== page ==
Motel crimes could be poverty-related

28 Aug

“Where justice is denied, where poverty is enforced, where ignorance prevails, and where any one class is made to feel that society is an organized conspiracy to oppress, rob and degrade them, neither persons nor property will be safe.”
Frederick Douglass

By Alex P. Vidal

Poverty remains to be the number one source of depression among the Filipinos.
Even the Ilonggos in Western Visayas face the grim task of how to arrest and, perhaps, reverse the trend now that the National Statistics Coordinating Board (NSCB) has confirmed that Western Visayas economy has slowed down in 2013 due to a substantial slump in the agriculture hunting and forestry and fishing (AHFF) industry.
If economic analysts will go beyond air-conditioned rooms, they can see the gnawing reality; many sectors in society are still very much saddled by financial woes.
A big chunk of the hoi polloi still can’t prepare a decent meal on the table for their families.
Violent domestic spats, health problems and gradual deterioration of the quality of life can be traced to this social malaise.
When there is nothing to eat during meal time, moods change, blood pressures increase, tempers flare up.
Crime and violence become the order of the day.


Unemployment and lack of opportunities to wiggle out from dire straits are among the biggest stumbling blocks in a Filipino’s quest to live a normal life and maintain a peace of mind.
As a philosophical theory, existentialism is supposedly an approach that emphasizes our existence as a free and responsible agent determining our own development through acts of the will.
Many major cities and provinces are still infested with crime elements engaged in nefarious activities—all related to poverty.
The case of a despondent mother who recently hanged herself after killing her three-year-old child in a Bacolod City motel may be dismissed as a mental health issue on the part of the mother, but poverty may have driven her to commit the twin macabre crimes.
Some of the reasons why humans kill each other–especially their own relatives–are: 1. Either they are mentally disturbed; 2. Property dispute; 3. Crime of passion motivated jealousy; 4. War among kingdoms, territories, countries; 5. Extreme hopelessness due to poverty.


The letter addressed to Capiz Gov. Victor A. Tanco and Vice Gov. Esteban Evan B. Contreras and signed by two leaders of the Christian fellowships in Capiz and Iloilo regarding the P500 Million Yolanda Rehabilitation Fund, is an evidence that not everything is well in as far as the distribution or non-distribution of calamity funds for the super typhoon that ravaged parts of the provinces of Capiz and Iloilo is concerned.
That politics, as usual, reared its ugly head once more even if it involved the welfare of the people.
“Our warmest greetings to you all and the hardworking women and men of the Capiz Provincial Government.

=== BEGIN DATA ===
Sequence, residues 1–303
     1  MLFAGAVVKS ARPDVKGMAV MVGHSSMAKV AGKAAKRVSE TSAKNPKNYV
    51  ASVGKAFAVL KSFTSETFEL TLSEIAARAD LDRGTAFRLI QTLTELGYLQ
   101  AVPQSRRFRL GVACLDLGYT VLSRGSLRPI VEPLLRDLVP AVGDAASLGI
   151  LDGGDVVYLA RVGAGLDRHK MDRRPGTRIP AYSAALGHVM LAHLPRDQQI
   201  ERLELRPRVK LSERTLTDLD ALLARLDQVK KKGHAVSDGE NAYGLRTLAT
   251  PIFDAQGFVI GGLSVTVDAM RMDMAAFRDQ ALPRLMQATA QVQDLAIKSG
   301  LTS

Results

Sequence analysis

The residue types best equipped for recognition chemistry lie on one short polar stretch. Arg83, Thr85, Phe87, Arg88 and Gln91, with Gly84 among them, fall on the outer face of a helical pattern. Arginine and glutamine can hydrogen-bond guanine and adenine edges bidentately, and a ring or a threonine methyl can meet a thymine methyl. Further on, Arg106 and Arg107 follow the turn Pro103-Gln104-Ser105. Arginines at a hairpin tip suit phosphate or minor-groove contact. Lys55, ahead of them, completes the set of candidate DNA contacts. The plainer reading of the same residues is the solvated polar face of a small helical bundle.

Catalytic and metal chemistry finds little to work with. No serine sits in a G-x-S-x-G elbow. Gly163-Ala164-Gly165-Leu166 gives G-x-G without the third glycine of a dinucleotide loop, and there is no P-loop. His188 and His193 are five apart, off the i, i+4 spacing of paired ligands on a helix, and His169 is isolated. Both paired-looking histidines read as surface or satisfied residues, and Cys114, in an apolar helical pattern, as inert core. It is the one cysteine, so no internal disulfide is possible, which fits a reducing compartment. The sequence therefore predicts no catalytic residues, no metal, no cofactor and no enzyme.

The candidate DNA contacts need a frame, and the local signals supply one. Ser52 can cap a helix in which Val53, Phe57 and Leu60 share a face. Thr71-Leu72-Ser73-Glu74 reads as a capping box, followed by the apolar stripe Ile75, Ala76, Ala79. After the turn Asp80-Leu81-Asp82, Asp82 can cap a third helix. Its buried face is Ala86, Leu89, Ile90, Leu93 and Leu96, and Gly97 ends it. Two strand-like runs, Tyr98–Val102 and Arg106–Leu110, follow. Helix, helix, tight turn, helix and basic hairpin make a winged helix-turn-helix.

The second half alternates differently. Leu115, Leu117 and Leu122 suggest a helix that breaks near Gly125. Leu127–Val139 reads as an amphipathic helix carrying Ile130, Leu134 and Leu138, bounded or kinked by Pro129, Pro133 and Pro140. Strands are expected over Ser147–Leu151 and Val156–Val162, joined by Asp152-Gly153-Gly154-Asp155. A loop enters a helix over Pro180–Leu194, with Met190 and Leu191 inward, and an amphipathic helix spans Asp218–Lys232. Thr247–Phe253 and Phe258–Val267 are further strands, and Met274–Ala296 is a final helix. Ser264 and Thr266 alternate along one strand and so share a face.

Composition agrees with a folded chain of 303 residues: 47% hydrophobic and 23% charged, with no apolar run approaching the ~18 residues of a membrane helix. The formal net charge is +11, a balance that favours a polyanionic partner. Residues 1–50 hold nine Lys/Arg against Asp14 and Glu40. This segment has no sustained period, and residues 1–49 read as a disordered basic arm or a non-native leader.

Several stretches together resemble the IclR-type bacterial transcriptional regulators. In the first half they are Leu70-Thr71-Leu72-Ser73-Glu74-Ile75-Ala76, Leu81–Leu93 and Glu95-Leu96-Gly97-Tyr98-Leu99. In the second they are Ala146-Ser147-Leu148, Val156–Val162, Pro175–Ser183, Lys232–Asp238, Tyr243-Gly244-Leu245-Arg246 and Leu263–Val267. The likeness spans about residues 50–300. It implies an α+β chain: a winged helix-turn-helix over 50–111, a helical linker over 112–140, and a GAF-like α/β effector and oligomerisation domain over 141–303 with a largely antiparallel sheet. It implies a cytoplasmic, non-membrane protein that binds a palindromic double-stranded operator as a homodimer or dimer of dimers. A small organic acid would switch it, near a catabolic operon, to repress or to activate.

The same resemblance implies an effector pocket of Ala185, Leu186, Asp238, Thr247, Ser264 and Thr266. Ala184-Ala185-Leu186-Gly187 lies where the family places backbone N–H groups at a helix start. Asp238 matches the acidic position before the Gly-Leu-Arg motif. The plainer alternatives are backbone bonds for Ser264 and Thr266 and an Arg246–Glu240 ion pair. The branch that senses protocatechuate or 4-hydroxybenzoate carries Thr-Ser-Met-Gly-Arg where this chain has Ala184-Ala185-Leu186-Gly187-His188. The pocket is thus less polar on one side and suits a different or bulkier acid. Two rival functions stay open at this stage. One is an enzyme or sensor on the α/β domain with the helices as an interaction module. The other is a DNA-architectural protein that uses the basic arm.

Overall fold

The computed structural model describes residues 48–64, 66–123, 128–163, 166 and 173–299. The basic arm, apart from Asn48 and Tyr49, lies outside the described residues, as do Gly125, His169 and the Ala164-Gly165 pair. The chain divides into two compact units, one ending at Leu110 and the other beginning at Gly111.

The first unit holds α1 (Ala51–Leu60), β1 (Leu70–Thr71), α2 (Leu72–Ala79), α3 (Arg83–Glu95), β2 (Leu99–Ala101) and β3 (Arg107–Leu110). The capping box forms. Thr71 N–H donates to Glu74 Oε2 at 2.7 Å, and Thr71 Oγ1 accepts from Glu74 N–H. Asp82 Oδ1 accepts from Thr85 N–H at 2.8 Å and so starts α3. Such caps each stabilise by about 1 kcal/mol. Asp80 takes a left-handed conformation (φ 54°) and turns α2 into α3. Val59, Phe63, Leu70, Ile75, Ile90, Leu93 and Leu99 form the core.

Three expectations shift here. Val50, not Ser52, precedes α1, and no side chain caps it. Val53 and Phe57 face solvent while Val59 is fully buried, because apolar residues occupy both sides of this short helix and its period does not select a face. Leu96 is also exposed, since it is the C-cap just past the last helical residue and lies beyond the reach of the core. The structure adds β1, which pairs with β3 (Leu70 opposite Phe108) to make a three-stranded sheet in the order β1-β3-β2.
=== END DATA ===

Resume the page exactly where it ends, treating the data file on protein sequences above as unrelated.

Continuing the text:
“It is with the highest esteem that we reach out to you in this moment of confusion, sadness and disappointment. All these, as we have since supported your beliefs that a public office is a public trust.
“Mr. Governor, Vice Governor and our honorable board members, we are however deeply moved, even embarrassed, on the latest media report to hit our province. And this is in reference to the news about the P500 Million Yolanda Rehabilitation Fund for the damaged school buildings here.
Like the rest of our Christian-faithful, we ask, what is going on with the implementation of these relief programs of the National Government?
“Why is this happening to our province when we know that your administration is committed to delivering much-needed rehabilitation works? How can this happen to the detriment of our thousands of schoolchildren who up to today suffer from undelivered promises? How true that all these happened because of intervention of our beloved Congressman Tony Del Rosario? How true that all these were known by the hierarchy of the Department of Education particularly by Undersecretary Valera?
“We implore from your good office to please heed our call for action and corresponding investigation. We need to have the people behind this be held accountable.
“We implore from your good office to please make public the reasons why this delay even happened. We entirely depend on both your Executive Office and our Legislative Branch—our Capiz Provincial Board to shed light on this matter.
Yours in pursuit of genuine service to the people.
Suplicio P. Morales Jr., Capiz Baptist Minister Association, Province of Capiz; Rev. Ramon E. Plaza, Evangelical Minister Fellowship of Iloilo City, Iloilo City. Signed August 20, 2014.”

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Posted by on August 28, 2014 in Uncategorized


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